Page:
Traverse City Record-Eagle


January 29, 2014

Temperatures drop to record-breaking lows

ROMULUS (AP) — Temperatures dropped to dangerous, record-breaking lows in Michigan on Tuesday, leading to the closure of hundreds of schools.

The morning low of 9 degrees below zero at Detroit Metropolitan Airport in Romulus broke the previous record low for Jan. 28 of 8 below set in 1977, the National Weather Service said. With the winds, it felt like 25 to 30 degrees below zero in the Detroit area.

Meteorologist Steve Considine at the weather service office in suburban Detroit said the cold was expected to ease starting Wednesday, with highs in the teens before rising into the 20s Thursday and beyond.

“It’s not much, but it’s certainly warmer,” Considine said.

The coldest readings Tuesday morning were recorded in the Upper Peninsula, where it was 18 below in Ironwood, 17 below in Menominee and 16 below in Iron Mountain. The cold extended throughout the state, with readings of 14 below in Ann Arbor.

With the wind, forecasters say it could feel like 35 below in the Upper Peninsula and 20 to 30 below zero in the Lower Peninsula. It was 8 below in Lansing and zero degrees in Grand Rapids. The high reported Tuesday morning was 8 degrees in South Haven.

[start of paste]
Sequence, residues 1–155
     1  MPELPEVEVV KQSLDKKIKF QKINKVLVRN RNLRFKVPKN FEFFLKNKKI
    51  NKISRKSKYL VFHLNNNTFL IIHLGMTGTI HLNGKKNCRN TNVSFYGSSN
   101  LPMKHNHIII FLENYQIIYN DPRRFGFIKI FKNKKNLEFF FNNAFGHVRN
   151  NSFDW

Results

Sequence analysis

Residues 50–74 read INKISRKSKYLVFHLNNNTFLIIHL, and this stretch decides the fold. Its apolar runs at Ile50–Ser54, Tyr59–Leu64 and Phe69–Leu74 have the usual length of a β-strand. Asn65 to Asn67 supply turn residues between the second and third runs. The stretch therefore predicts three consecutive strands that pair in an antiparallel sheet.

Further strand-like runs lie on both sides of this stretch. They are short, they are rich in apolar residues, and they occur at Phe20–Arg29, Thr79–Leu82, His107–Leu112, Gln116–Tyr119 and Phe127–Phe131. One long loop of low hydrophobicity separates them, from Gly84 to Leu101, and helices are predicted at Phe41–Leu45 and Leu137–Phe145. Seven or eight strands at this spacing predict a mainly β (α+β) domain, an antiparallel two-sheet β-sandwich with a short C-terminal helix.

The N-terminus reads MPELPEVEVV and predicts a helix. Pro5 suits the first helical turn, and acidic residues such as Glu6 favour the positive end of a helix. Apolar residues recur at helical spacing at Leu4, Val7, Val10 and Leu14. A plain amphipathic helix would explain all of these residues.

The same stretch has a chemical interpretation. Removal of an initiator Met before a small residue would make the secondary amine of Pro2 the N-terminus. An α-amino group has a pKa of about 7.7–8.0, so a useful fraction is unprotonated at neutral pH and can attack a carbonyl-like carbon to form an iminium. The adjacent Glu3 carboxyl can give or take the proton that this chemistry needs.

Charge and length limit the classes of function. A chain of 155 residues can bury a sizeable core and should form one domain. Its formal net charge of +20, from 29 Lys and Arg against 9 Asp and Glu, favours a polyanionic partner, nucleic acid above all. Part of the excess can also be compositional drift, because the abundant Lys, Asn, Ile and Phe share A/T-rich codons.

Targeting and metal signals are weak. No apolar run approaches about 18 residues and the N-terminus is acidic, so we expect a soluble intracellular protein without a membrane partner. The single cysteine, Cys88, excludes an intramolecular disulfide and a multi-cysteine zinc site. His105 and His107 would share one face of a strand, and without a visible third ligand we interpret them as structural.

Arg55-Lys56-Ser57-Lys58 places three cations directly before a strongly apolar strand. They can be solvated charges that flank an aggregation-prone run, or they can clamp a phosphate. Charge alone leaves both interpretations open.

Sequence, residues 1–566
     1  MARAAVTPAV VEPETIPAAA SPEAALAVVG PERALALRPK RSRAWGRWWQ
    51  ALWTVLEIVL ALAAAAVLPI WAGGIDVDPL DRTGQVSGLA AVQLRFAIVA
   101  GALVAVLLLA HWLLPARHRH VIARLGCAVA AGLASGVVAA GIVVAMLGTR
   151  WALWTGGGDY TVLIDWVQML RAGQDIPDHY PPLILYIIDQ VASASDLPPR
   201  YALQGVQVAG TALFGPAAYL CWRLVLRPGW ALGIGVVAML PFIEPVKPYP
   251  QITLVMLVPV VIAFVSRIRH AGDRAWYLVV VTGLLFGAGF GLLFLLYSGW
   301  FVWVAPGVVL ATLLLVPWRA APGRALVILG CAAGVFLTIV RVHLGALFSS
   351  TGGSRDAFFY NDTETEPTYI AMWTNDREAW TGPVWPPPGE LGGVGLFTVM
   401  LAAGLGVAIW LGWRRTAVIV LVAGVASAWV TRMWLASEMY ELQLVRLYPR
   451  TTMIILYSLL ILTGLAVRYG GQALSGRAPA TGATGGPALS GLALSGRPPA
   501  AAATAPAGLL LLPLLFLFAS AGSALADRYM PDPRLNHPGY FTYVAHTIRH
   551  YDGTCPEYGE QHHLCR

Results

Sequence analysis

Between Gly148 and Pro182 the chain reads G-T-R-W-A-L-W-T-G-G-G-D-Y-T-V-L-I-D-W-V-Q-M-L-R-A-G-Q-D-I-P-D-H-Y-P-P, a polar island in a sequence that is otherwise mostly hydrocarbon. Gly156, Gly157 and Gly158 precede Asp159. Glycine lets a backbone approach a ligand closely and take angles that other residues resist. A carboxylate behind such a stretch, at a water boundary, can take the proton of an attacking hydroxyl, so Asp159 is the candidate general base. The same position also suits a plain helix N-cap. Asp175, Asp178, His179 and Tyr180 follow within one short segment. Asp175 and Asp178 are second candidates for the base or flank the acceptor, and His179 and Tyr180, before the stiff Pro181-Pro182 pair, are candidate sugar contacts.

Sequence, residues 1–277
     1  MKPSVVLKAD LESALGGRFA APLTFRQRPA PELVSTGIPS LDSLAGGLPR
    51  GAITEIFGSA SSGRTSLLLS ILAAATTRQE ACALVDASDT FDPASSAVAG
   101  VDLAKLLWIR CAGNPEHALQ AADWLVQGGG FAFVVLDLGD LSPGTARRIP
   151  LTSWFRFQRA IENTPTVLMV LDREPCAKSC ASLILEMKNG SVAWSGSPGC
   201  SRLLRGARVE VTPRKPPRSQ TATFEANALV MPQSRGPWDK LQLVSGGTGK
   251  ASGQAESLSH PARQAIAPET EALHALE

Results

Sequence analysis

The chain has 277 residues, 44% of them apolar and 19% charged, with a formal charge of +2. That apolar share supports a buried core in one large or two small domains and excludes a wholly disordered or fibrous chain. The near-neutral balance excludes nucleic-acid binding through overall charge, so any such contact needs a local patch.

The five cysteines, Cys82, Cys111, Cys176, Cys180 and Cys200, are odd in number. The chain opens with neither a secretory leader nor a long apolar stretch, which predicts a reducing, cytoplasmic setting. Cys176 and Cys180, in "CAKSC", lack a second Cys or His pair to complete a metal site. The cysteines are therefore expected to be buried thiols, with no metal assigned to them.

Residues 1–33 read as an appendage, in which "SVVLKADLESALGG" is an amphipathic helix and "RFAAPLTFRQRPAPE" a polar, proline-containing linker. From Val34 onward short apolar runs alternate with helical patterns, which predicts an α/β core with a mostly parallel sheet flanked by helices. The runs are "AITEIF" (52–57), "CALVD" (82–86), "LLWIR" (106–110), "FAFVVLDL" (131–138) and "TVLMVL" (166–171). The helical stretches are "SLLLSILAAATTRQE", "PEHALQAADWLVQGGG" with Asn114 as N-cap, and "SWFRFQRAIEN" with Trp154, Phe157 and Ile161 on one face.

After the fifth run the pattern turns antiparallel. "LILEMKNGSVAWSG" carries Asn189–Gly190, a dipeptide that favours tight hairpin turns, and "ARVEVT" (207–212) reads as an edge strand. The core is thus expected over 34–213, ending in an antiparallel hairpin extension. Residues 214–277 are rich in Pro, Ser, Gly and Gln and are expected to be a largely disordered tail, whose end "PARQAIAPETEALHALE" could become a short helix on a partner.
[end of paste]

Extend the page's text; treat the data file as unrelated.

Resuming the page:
The University of Michigan, Eastern Michigan University and Central Michigan University were among schools across the state canceling classes. Hundreds of elementary, middle and high schools also were closed.

The University of Michigan said Tuesday marked the first time since 1978 that the Ann Arbor campus hasn’t had classes due to weather. The school also closed its Dearborn and Flint locations.

“While staff should plan to report as usual, we ask that supervisors be flexible and make reasonable accommodations for these extreme circumstances,” University of Michigan officials said in a statement. “Travel may be hazardous, especially on foot or by bus, and we ask that all of our colleagues remain sensitive to safety concerns.”

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